I made one last stop on my way home.  There is a bookseller and publisher practically around the corner from me, so I went in and asked the proprietor if I could advertise my freelance editing business there.  Mind you, this is the man I talked to last summer about possibly publishing a book of my adventures since so many people have suggested I do so, and he discouraged me.  He is an ancient man with a penchant toward being curmudgeonly, and he has strong opinions about what is and is not good literature.  He also, as it turns out, has strong opinions about what good editing is.  He told me that he once spent an entire year editing half a book, and the author got frustrated and took it away from him, but he said that if one carefully reads the book, the chapters he edited are distinguishable from the rest of the book.

I was not offended by what he said.  I know that there is much I could stand to learn about editing.  I asked if he’d be willing to teach me what good editing is, and he said he’s too old to teach me.  I said, “Well, then, do you have any books here that might teach me what good editing is?”  He got up with his cane and slowly sauntered through his aisles of, what looked to me to be, dusty old tomes.  He told me that someone had made a list of the fifty best booksellers in the country, and his shop had made the list.  He used to be an anthropology professor and he said he has a better collection of anthropology books than the University of Wisconsin.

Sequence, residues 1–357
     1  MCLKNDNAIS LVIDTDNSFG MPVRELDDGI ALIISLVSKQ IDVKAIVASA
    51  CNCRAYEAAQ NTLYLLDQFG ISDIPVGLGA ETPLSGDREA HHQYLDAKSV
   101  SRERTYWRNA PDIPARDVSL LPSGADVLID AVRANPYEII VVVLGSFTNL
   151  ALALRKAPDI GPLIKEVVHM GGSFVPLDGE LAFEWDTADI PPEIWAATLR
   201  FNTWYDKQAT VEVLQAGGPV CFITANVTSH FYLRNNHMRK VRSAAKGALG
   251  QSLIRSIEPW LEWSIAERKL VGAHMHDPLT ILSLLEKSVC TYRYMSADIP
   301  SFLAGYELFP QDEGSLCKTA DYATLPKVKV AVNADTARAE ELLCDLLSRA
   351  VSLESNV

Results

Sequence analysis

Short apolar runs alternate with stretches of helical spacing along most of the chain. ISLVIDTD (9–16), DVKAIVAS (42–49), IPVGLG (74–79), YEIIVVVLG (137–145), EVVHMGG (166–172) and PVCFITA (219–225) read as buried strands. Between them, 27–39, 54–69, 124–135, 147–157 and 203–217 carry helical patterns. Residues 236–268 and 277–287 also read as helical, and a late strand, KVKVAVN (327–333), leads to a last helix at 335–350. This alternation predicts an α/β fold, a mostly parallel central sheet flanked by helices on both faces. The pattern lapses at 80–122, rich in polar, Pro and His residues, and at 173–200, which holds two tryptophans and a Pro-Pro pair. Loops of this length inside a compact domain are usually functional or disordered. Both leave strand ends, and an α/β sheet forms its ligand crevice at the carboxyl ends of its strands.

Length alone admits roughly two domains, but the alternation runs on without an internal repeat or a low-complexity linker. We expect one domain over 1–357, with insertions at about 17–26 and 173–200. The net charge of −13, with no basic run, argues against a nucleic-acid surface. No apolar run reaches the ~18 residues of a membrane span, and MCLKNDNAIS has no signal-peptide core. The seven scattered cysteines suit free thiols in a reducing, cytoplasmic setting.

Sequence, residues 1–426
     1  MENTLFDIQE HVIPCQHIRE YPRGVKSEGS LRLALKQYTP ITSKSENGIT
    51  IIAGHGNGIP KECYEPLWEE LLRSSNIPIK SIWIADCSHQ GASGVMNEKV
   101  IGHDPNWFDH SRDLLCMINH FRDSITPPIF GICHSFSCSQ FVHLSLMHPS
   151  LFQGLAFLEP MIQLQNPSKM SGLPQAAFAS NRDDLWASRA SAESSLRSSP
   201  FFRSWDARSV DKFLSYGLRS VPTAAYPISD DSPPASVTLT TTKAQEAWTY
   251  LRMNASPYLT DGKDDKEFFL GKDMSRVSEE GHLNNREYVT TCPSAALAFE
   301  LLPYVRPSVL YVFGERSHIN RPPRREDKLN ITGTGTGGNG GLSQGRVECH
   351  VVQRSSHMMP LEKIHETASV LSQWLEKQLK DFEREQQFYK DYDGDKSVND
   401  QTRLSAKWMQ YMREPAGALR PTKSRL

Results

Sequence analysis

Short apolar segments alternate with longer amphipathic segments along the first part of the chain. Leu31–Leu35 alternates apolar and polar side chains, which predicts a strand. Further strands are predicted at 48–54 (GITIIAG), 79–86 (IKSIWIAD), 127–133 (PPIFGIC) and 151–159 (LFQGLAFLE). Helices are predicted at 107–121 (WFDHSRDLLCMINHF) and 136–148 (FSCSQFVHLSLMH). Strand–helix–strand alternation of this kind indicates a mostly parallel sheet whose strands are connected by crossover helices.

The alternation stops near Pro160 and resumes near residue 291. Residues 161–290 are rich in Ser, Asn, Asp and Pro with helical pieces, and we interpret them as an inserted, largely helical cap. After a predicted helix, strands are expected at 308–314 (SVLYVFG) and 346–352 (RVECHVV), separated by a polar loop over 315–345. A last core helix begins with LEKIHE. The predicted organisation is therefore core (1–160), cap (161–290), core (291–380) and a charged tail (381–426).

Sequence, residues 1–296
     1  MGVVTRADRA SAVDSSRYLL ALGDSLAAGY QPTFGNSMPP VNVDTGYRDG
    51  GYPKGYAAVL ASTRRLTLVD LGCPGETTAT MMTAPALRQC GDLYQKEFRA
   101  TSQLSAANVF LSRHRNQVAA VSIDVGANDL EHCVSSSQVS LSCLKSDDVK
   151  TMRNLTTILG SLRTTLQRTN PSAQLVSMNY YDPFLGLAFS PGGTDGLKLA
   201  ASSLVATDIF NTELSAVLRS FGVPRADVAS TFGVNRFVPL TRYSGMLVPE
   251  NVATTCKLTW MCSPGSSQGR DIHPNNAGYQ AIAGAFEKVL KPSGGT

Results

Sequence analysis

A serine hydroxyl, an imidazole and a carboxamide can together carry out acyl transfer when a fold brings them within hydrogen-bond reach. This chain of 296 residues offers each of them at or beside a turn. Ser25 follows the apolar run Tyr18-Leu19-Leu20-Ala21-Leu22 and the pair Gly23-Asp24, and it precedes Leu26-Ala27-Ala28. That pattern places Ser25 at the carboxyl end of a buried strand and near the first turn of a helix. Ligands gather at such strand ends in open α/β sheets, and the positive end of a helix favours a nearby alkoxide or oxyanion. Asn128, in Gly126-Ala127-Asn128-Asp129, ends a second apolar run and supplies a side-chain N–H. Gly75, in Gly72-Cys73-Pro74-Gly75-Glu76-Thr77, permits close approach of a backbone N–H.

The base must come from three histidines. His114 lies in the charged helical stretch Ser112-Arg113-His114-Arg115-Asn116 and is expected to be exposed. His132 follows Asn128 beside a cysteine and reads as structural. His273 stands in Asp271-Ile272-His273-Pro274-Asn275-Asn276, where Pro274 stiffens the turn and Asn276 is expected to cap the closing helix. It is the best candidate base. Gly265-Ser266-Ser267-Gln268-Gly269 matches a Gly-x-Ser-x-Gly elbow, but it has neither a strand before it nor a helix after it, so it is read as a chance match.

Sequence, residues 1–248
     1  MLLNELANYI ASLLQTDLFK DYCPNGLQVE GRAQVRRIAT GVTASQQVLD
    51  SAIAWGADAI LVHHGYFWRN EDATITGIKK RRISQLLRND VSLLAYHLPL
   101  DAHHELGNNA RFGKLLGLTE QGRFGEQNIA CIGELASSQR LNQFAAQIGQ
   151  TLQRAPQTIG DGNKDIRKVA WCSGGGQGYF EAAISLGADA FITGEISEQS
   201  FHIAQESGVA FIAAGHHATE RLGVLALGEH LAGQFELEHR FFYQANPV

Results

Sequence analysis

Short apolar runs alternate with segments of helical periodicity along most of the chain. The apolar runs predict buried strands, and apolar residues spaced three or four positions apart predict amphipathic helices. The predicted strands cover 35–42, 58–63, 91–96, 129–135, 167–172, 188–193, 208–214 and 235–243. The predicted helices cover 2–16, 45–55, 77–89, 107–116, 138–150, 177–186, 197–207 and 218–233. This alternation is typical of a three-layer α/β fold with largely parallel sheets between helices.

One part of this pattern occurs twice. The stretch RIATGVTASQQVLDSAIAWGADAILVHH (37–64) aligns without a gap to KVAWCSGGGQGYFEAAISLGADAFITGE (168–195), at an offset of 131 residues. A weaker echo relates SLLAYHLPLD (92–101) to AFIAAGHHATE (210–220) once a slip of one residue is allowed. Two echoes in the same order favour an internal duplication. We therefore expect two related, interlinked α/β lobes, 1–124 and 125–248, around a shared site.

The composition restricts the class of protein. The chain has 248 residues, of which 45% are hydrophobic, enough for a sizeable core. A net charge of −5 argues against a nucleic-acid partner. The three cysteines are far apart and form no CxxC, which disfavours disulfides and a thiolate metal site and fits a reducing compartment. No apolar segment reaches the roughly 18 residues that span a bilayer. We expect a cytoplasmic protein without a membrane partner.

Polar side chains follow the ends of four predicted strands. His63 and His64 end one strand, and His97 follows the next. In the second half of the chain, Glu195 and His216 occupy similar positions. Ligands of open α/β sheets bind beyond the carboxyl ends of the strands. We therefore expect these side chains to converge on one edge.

As I watched him totter through the aisles with his cane, I said, “Could you use any help here?”  He said, “Yes, but I couldn’t pay.”  And then he asked if I’d be interested in buying his shop.  He said he’s looking to get out of it in a couple years.  That idea had crossed my mind earlier.  I know nothing about the value of the books he has in that store, and I don’t know what makes it good enough to be on a top fifty list.  I suggested that maybe I could come and volunteer sometimes and he turned to me and said, “If you volunteer and you’re good, I would pay you.”  I’m thinking it could be like an apprenticeship.  If I could learn half of what he knows, I might be able to buy a shop like his in a couple years.

So here are three possibilities that weren’t even listed.  Could one or more of these be God’s guidance?